This editorial summarizes the scope of a Special Issue aimed to examine the current stateof-the-art and practice associated with the wind engineering load and design standards. Contributions address the major wind design standards around the world. Specifically, the contributions deal with recent developments in the field of codification with emphasis on new technologies, experimental methods and advances in computer simulations that could serve as an additional resource for the designer. Several wind engineering design standards have been recently updated or are currently under major revision because of the recent developments in the wind engineering field. Some examples are: EuroCode 1 – Part 1-4, ASCE 7-22, Australian/New Zealand Standards AS/NZS1170.2, Japanese Building Codes (AIJ, BCJ, etc.) and the Chinese National Standard for Wind Loads. For instance, in ASCE-7 22 a new chapter describes, for the first time, the design against tornado wind hazards. In the revised Australian/New Zealand Standard AS/NZS 1170.2:2021 a profile and topographic multipliers are included for a special region, dominated by downburst winds from thunderstorms. The latest versions of codes and standards for windsensitive structures also include wind loads for special structures such as bridges, lattice towers, offshore platforms and wind-turbines support towers. This Special Issue contributes to the aims of the Journal of Wind and Structures and focuses on invited papers that either contribute to the advancement of the state-of-the-practice in wind load codification or provide a review of one or more standards. Papers selected for the Special Issue are examples of leading research and best practices in the field of wind load analysis and design. The selected studies include analysis of novel design formulas, extreme value analysis of wind speed and direction by collection of new data sets, experimental and computational methods specifically aiming at wind load codification. The selected contributions are selected from experts in each sub-field and discuss either a specific topic or a specific standard. Each selected paper was carefully and thoroughly reviewed by anonymous Reviewers, who are also experts in each field, prior to publication. Adhikari and Letchford (2023) studied wind speed data from Nepal and adjoining countries and examined extreme wind speed climatology for the region. Wind speed information for Nepal was adopted from the Indian National Standard and applied to two orographically different regions: above and below 3000 m elevation respectively. Comparisons of the results were based on relevant codes and standards. Bruno et al. (2023) investigated several design codes and standards, covering the use of Computational Wind Engineering and Computational Fluid Dynamics for wind-sensitive structures and built environment. Special attention was devoted to the findings of the Special Interest Group on Computational Wind Engineering of the Italian Association for Wind Engineering (ANIV-CWE). The same group is currently advising UNI CT021/SC1 in supporting the drafting of new Annex K of the revised Eurocode 1 – Part 1-4 on wind actions. Finally, the study discusses avenues open to future development at technical and practical levels. Holmes et al. (2023) investigated the latest revision of AS/NZS 1170.2 that incorporates new research and knowledge on strong winds, climate change, and shape factors for new structures of interest such as solar panels. Australia and New Zealand cover climatic zones from tropical to cold temperate, and virtually every type of extreme wind event: gales from synoptic-scale depressions, convectively-driven downdrafts from thunderstorms, tropical cyclones, downslope winds, and tornadoes. A 'climate change multiplier' was included and several modifications for the structural analysis of solar panels, curved roofs, poles and masts, high-rise buildings and other dynamically wind-sensitive structures. Kopp (2023) discusses the substantive changes to the ASCE 49-21 Standard "Wind Tunnel Testing for Buildings and Other Structures". The most significant changes are the requirements for wind field simulations that utilize (i) partial turbulence simulations, (ii) partial model simulations for the flow around building appurtenances and requirements for determining wind loads on items at multiple sites and in various configurations. Modifications were implemented to allow constructing models for small elements placed on large buildings at the scales typically available in boundary layer wind tunnels. The study also examines research needs with respect to aerodynamic mechanisms, the role of turbulence on separatedreattaching flows on building surfaces, etc. Lee et al. (2023) analyzed the Korean Design Standard (KDS) that will be updated with two major revisions on the assessment of wind load and performance-based wind design (PBWD). Major changes on the wind load assessment are the wind load factor and basic wind speeds. Additional modifications include pressure coefficients, torsional moment coefficients, spectra, and aeroelastic instability. PBWD is a newly added section in the KDS. Ricciardelli (2023) examined the new EN 1991-1-4 Eurocode 1 – Part 1-4 on wind actions. The papr summarizes the work of the project team from August 2017 to April 2020. The document includes several modifications and new sections: updated design wind maps, improved wind models, updated force and pressure coefficients, review of procedures for evaluating dynamic response. Personal recommendations by the Author are also discussed. Wang et al. (2003) compared the "Code of Practice on Wind Effects in Hong Kong" of 2019 with the latest revision of the Architectural Institute of Japan (AIJ) Recommendations for Loads on Buildings, and the Australian/New Zealand Standard, AS/NZS 1170.2:2021. Comparisons include design wind speeds, profiles and wind speed multipliers. The study also highlighted differences in the basic design wind speed and exposure factor estimation, together with future development trends.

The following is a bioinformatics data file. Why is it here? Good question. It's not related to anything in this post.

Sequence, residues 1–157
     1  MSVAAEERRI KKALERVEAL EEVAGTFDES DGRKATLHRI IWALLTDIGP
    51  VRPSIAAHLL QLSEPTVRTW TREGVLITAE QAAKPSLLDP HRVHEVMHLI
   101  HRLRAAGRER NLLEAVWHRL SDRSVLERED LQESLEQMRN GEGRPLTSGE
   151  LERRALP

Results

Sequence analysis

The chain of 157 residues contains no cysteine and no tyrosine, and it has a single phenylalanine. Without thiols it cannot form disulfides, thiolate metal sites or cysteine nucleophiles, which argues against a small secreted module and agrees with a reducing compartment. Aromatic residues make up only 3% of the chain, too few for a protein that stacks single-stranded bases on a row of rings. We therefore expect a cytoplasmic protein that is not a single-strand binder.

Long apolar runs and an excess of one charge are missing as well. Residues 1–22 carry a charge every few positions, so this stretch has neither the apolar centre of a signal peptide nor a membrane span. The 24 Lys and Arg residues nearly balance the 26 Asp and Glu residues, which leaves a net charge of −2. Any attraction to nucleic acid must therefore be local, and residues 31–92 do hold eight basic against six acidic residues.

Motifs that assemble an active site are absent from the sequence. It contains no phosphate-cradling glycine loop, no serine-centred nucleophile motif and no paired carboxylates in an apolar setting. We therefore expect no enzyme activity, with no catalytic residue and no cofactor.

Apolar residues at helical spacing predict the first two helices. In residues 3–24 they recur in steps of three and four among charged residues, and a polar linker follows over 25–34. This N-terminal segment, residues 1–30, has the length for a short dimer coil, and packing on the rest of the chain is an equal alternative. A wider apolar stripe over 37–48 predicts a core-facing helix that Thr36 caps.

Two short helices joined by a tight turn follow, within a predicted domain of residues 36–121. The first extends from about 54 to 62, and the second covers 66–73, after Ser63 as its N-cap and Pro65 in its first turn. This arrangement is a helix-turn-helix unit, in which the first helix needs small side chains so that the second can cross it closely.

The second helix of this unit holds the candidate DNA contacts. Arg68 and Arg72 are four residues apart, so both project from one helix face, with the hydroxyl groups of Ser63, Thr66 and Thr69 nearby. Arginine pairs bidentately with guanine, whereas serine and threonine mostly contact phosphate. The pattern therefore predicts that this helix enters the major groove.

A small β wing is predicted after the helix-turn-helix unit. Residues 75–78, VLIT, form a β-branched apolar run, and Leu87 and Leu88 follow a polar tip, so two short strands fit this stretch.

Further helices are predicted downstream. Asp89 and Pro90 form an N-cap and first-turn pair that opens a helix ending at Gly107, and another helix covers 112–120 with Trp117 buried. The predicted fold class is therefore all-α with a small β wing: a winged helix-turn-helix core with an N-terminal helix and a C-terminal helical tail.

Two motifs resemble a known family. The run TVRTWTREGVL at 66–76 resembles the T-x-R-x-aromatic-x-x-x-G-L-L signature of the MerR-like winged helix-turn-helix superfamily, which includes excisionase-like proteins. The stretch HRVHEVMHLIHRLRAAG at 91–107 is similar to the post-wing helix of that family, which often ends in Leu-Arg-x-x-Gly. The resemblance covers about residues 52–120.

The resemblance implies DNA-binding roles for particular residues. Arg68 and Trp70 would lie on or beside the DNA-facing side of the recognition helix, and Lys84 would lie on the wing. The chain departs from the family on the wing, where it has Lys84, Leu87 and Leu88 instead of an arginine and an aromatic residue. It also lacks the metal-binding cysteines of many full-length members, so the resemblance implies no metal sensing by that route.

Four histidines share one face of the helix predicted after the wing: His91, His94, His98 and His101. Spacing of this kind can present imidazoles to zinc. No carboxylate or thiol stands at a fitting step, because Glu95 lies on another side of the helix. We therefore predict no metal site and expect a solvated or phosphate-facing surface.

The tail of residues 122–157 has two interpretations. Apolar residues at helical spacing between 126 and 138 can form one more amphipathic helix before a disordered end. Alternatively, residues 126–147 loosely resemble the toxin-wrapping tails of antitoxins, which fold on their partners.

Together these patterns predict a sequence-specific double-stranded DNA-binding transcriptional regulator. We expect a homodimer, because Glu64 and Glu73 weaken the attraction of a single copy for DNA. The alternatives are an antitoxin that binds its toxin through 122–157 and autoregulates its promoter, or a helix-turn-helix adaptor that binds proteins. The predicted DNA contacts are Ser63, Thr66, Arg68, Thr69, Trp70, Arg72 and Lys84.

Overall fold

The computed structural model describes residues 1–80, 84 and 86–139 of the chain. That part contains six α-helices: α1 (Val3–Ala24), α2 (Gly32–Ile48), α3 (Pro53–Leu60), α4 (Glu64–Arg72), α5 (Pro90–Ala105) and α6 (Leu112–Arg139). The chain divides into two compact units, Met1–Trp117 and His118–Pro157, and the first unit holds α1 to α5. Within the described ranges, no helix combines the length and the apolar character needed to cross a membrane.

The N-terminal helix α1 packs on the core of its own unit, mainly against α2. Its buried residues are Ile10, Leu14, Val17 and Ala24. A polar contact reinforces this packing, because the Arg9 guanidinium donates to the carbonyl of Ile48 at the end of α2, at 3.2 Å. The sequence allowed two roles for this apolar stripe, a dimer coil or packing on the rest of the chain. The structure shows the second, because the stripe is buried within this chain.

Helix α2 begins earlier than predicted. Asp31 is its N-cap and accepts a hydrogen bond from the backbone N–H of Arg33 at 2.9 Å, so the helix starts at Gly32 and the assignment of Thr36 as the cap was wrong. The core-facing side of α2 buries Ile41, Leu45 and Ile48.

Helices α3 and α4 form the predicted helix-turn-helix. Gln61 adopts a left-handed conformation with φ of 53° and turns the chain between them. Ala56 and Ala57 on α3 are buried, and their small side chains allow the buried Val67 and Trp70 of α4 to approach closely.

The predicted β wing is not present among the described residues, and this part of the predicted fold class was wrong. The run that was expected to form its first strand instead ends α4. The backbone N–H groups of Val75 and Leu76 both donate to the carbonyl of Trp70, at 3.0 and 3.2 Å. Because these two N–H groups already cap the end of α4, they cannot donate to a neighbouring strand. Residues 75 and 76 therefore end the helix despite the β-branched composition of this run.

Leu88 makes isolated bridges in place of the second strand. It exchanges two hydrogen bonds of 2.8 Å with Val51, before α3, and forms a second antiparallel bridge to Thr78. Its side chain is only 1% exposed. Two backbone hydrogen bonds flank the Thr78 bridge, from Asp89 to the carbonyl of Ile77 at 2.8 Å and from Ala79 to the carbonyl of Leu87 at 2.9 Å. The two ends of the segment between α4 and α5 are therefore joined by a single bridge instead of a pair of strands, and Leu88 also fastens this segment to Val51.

Key Words
Luca Caracoglia: Northeastern University
John D. Holmes: JDH Consulting